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Tracking COVID-19 at UCLACampus SafetyRegistration Issue 2021: Next Stop, UCLA

In a new pandemic reality, students in relationships go virtual to stay connected

(Shari Wei/Daily Bruin)

By Maddie Rausa

May 13, 2020 6:30 p.m.

Since the start of the COVID-19 pandemic, Kat Sharp has been living more than 400 miles away from her partner, Blue Flood.

The two have been dating for four months. They now communicate through digital channels since Flood’s home is in Southern California and Sharp’s temporary residence is in Northern California.

Sharp, a first-year psychology and English student, said she is holding onto hope that she can see Flood, a first-year political science and Middle Eastern studies student, in the upcoming fall or winter quarter.

“It’s important that people have things to look forward to,” Sharp said.

Couples at UCLA separated because of the pandemic are now facing the difficulties of maintaining long-distance relationships.

Flood said the initial separation was difficult for them and Sharp. They almost broke up early on.

“It wasn’t because of any problem with our relationship,” Flood said. “It was literally just the situation.”

Relationships may be more vulnerable in times of stress and separation, but they still need the same fundamental components, said Theodore Robles, a psychology professor.

“One simple rule of thumb is to every day do something that makes your partner feel understood, … feel valued and feel cared for,” Robles said.

In any healthy relationship, partners should strive for those three ends, Robles said.

Partners can talk about stress to show they understand what the other is going through, Robles said. Even small acts, like buying them a meal they love, can show a significant other they are cared for, Robles said.

Kevin Naseri and Melody Chan are living in California and Florida, respectively, after leaving UCLA. They have been dating for a little over a year.

Because it is their first time being long-distance during the school year, they have had to become more patient with each other, said Chan, a second-year business economics student.

“You can’t expect that person to be by your side all the time, and you also have to take into consideration all the stuff that they’re dealing with,” said Naseri, a second-year pre-economics student.

Among other challenges, students are facing transitions to online classes and changes of residence, all of which can complicate a relationship.

Sharp and Flood considered moving in together during quarantine but decided against it because Flood’s parents are both health care workers, and Flood’s mother has asthma. Flood was afraid that if their mother fell sick, they wouldn’t be able to visit.

Their relationship suffered during these transitions, Sharp said. She and Flood both felt the burden of not being able to talk about their relationship to family members, unlike at UCLA, where they could openly discuss issues with friends.

“Being at UCLA was kind of like a fantasyland where homophobia pretty much didn’t exist,” Flood said. “And now that you’re at home, it’s like, ‘Oh yeah, I forgot about that.’”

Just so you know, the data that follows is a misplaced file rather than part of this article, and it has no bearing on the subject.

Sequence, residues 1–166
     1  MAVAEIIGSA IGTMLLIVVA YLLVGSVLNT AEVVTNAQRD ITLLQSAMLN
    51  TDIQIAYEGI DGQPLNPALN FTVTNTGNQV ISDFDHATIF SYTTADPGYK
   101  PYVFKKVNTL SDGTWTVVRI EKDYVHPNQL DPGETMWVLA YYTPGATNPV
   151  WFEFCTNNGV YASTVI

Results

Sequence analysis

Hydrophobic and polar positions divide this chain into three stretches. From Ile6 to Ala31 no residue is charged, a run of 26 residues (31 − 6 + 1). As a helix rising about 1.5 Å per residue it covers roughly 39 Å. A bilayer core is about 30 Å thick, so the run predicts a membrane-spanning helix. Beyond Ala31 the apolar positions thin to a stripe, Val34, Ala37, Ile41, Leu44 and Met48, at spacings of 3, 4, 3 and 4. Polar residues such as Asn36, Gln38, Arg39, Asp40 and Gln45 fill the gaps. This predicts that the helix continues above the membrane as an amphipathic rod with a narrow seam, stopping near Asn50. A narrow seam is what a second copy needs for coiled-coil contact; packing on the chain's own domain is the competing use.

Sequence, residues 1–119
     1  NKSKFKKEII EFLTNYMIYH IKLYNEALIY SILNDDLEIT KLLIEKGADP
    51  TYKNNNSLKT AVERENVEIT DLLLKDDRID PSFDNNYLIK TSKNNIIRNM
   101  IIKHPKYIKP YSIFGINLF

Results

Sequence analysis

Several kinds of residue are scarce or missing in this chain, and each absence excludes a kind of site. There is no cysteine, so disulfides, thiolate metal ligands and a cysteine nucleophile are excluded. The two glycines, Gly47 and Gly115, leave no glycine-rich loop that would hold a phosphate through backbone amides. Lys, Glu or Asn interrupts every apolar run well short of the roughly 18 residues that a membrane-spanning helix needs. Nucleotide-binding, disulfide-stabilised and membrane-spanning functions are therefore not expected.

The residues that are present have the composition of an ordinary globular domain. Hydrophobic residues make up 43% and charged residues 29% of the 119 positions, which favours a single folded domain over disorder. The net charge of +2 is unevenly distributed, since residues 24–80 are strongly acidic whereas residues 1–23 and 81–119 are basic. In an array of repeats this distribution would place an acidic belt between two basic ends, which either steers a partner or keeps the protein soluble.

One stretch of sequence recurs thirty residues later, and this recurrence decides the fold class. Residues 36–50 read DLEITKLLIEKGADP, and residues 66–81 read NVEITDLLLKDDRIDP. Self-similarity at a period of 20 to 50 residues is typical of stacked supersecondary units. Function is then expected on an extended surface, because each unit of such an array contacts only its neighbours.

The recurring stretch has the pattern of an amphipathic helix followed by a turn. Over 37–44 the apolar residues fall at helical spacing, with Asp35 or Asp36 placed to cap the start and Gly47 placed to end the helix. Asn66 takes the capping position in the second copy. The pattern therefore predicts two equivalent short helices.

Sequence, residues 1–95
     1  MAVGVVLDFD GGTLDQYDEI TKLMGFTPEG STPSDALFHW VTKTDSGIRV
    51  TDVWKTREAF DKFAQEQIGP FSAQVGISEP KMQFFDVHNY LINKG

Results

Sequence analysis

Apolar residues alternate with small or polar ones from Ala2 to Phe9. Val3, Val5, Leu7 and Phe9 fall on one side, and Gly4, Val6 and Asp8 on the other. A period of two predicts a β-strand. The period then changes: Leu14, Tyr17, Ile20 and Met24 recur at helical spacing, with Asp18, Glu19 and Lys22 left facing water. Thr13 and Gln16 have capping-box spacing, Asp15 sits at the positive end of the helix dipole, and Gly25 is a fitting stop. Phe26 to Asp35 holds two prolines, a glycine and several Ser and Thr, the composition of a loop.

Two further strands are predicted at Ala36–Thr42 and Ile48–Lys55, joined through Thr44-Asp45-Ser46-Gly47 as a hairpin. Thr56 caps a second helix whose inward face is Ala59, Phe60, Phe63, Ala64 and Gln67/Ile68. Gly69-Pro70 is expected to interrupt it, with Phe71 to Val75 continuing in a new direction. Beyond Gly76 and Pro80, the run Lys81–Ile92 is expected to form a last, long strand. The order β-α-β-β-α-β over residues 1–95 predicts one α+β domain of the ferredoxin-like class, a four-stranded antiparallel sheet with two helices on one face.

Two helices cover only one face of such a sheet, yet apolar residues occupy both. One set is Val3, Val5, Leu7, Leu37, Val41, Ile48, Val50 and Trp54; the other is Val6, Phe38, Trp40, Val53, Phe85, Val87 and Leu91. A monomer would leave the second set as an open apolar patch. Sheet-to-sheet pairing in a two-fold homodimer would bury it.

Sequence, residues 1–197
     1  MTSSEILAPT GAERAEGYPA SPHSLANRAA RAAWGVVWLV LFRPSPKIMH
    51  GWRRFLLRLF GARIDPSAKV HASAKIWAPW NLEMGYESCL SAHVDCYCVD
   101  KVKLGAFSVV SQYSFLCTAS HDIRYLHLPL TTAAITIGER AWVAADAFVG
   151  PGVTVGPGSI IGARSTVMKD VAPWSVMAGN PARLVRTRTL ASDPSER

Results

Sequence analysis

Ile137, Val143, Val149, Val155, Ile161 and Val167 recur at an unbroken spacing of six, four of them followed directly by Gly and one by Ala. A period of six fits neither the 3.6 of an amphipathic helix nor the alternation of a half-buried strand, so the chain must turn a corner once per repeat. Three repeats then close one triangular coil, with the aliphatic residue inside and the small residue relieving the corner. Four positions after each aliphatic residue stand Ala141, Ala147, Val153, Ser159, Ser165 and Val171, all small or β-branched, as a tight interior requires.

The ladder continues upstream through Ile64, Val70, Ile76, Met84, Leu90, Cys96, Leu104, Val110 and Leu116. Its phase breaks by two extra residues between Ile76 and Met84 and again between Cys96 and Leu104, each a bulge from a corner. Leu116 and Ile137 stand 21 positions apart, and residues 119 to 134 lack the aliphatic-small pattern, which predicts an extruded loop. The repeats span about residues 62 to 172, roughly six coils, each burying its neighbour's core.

Furthermore, Sharp said that bad experiences with long-distance relationships in the past made her overthink every interaction with her partner when they were first separated.

“It even kind of made it to the point where Blue got sad talking to me, because it just felt so different than what we were used to,” Sharp said.

When Flood brought up how different things felt, and Sharp shared her feelings, they went back to interacting the way they had before, Flood said.

Chan and Naseri experienced dating long-distance before the pandemic, so when it came about, they weren’t completely lost, Chan said.

Chan also had advice for people dating long-distance for the first time.

“Try to make more time to just talk to each other, especially if there are issues or any tension that comes up, and not just keep it bottled up inside,” Chan said.

Sexual partners may also have to adjust if they are separated during this time, said Nina Sheridan, co-director of the student group Sexperts. Sexperts is a committee under the Student Wellness Commission that focuses on student sexual health and education.

Sheridan, a fourth-year molecular, cell, and developmental biology student, said she could not speak for Sexperts on the topic of sexual relationships, but she could offer personal advice.

Video calling, voice calling and texting are all potential avenues for staying sexually active with a partner, Sheridan said.

“The main thing that you’re going to want to focus on is the fact that both of you are comfortable, and the awkwardness of it being via a virtual channel isn’t getting in the way,” Sheridan said.

Partners should experiment and communicate to find the right fit. The specific way partners communicate is especially important, Sheridan said.

“Using ‘I’ statements is actually a really, really powerful thing,” Sheridan said. “So never placing blame on either the medium or the partner, but always phrasing a statement in terms of how you feel.”

Despite her panic and doubt when the pandemic first forced their relatively new relationship onto digital screens, Sharp said it was worth the tough adjustment.

“Of course I miss them,” Sharp said. “But it’s better to have them and miss them than to not be with them at all.”

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